It is understandable that for decades (perhaps centuries) reading the Qur’an was the very best way to enter the faith, but times have changed and an individualized approach would be most helpful. I understand that there are simple books for children, providing them with an introduction in terms they can understand. Please wake up traditionalists, there is the Internet, computers, smart phones and iPads. There is an English translation Qur’an on my iPhone, my iPad has a Muslim app which informs me of prayer times, a live reel from the Kaabal can be constantly played the 99 names of Allah is music to my ears, providing the names in both English and Arabic. I often listen and recite after the five obligatory daily prayers. I am blessed, having the time to listen and to learn and to write, not impeded by working at least eight hours a day, my apartment small and uncrowded, its cleanliness assured by the weekly visits of W.O.M.AN. I definitely have the freedom and opportunity to worship. No husband, boyfriend, children or grandchildren to occupy my time. I am truly blessed. 

But it is also essential to live in the world, understand what is going on around. A woman, casually met at Shopper’s Drug Mart told me of a Canadian magazine, Walrus. I, admittedly, know little of today’s Canada because I spent most of my life in the USA. Began reading the Special 2023 Winter Issue last evening. The Editor’s Letter was most enlightening. It began: “One of the biggest challenges in journalism today is the need to confirm and defend what a fact is. If you’re a regular reader of The Walrus, you probably know we fact-check to a very high standard. The magazines current and former heads of research have developed a fact-checking guide. “The free guide was presented at a three day conference at Carleton University in October and is available at theijproject.ca.” I intend to visit the guide upon the completion of this blog. Editor Jessica Johnson went on to discuss fake news. “Fake news has been in the air for so long now that I worry we overemphasize the risk it poses while glossing over other imminent dangers to journalism, like the dwindling number of professional media outlets and shrinking revenue streams. But we see the real-world consequences of mis-and disinformation, whether it’s in Russian interference in the recent US midterm elections, the spending of online conspiracy theories by Alberta premier Danielle Smith, or policy changes at Twitter that have relaxed content moderation standards and amplified discriminatory speech.”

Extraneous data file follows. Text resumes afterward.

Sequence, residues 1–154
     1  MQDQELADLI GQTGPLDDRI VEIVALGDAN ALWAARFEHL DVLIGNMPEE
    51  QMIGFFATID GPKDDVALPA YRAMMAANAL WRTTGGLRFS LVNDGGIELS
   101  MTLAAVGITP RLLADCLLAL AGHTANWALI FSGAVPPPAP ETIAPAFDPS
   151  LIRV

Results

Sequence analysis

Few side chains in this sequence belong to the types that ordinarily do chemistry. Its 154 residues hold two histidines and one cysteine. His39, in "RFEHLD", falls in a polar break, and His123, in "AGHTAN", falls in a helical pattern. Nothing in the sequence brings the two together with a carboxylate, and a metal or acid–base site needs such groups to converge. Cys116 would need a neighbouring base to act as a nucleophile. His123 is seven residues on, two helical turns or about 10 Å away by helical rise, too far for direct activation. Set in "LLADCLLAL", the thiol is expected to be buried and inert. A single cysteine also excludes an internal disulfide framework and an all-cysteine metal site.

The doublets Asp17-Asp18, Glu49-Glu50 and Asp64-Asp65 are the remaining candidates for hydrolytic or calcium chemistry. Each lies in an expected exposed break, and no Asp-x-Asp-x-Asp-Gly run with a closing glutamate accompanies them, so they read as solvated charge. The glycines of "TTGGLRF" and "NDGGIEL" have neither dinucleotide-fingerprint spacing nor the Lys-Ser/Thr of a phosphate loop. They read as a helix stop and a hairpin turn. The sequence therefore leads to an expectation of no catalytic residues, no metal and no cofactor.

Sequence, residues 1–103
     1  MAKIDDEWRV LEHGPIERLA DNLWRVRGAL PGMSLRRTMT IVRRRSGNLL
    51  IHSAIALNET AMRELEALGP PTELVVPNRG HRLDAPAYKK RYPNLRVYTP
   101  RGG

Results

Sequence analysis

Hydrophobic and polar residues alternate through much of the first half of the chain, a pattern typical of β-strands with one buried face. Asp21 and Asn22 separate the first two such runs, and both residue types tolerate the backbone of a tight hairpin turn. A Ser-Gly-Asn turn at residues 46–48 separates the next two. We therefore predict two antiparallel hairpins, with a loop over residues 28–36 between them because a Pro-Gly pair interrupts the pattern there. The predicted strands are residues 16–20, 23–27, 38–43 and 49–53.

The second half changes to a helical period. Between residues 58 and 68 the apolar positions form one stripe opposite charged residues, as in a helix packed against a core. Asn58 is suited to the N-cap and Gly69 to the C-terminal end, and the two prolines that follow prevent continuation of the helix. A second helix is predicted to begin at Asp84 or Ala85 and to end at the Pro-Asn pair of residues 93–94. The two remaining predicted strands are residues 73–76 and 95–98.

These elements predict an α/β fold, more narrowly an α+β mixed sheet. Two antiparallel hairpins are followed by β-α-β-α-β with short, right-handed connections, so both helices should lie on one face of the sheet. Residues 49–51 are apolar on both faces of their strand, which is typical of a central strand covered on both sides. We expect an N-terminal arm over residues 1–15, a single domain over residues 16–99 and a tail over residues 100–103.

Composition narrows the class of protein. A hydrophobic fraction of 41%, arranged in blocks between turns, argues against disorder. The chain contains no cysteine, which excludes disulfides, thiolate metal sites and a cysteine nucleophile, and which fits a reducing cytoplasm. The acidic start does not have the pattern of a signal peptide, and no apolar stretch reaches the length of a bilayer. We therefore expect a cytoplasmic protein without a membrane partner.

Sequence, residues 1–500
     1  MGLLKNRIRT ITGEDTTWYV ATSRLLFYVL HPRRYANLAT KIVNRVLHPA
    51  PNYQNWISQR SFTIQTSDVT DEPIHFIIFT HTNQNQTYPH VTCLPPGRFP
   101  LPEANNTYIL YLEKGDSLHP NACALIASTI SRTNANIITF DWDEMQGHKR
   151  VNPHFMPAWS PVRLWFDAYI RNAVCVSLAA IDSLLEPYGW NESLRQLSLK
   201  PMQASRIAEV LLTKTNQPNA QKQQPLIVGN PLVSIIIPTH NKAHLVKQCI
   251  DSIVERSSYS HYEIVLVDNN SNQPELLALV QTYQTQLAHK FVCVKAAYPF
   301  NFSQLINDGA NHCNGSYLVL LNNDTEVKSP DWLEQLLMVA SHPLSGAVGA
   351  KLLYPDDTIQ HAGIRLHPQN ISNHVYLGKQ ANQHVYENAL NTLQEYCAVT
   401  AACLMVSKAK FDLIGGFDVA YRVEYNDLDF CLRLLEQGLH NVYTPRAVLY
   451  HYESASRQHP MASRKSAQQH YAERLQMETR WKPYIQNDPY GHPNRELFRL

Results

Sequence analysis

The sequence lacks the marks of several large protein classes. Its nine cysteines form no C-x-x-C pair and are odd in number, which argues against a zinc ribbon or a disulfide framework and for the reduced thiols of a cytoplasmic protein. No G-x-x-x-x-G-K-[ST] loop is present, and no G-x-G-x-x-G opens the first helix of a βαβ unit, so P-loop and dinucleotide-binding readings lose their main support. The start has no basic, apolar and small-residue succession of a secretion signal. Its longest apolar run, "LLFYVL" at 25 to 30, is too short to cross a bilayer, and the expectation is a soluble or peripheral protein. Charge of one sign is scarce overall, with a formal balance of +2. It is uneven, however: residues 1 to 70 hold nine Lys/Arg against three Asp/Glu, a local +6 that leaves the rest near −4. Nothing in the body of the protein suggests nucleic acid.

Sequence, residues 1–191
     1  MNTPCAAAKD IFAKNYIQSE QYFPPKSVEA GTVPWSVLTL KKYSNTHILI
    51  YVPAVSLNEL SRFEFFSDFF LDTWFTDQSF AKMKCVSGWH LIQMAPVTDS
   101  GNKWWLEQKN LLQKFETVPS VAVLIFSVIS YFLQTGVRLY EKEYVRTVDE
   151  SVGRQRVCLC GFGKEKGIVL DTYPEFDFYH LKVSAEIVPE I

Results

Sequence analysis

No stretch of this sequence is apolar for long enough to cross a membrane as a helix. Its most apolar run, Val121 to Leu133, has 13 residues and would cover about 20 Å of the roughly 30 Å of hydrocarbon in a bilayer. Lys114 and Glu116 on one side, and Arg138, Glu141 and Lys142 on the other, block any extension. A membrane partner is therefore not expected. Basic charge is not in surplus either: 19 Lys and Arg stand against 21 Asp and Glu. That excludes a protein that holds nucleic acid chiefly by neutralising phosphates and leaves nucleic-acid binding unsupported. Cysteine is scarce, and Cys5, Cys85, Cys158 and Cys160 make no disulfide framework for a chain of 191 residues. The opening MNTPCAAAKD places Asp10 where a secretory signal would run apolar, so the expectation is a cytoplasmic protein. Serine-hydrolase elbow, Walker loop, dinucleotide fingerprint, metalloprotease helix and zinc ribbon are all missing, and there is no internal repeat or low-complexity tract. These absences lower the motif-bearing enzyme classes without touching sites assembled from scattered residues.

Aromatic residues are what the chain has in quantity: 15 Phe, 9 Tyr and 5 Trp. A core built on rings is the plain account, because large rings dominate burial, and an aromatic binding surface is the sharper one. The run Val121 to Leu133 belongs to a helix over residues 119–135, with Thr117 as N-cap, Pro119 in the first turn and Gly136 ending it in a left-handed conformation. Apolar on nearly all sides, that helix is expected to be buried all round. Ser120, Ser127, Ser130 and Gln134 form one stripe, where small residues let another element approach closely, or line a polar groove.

That hit rather close to home. Alberta premier Smith’s office is probably about two blocks from my apartment. Not sure what I can do about that situation.

Last night began to read one story in the issue, “The Secret of Pierre Poilievere’s Success.” Stephen Maher analyzed the data behind Pierre’s rise and found a high correlation between his supports who distrusted government along with consumption of disinformation. It is depressing to read as there is absolutely no excuse for ignorance in this country that does value education and does make it accessible to almost all. 

Jessica Johnson ended her Editor’s Letter beautifully: “The fight for good journalism will be won one reader at a time.”  

Two (to me) amazing photographs from a Riyadh shopping center near the Hilton. As If?? Pushed me in a wheelchair to the location. I was later to discover that he did have the musculature to do so. His so called friend sent me a picture of his pecs. Why, I shall never know. One photo is of a Tim Horton’s. This is not understandable as Arab coffee is wonderful, I have never, ever liked Tim Horton’s version. The other is  Victoria’s Secret, showing scanty ‘Western style’ rather sexy attire to be worn in a bedroom. Let the record reflect that I did not go into the store. Now if I had known about those pecs at the time – who knows? I am totally joking – of course not. I could have bought it for him though – it would have been a strange display. 

My life is unusual to say the least.  This definition of unusual the best: remarkable or interesting because different from or better than others.  Here are the synonyms I prefer: unparalleled, unprecedented, prodigious; mind-boggling, mind-blowing.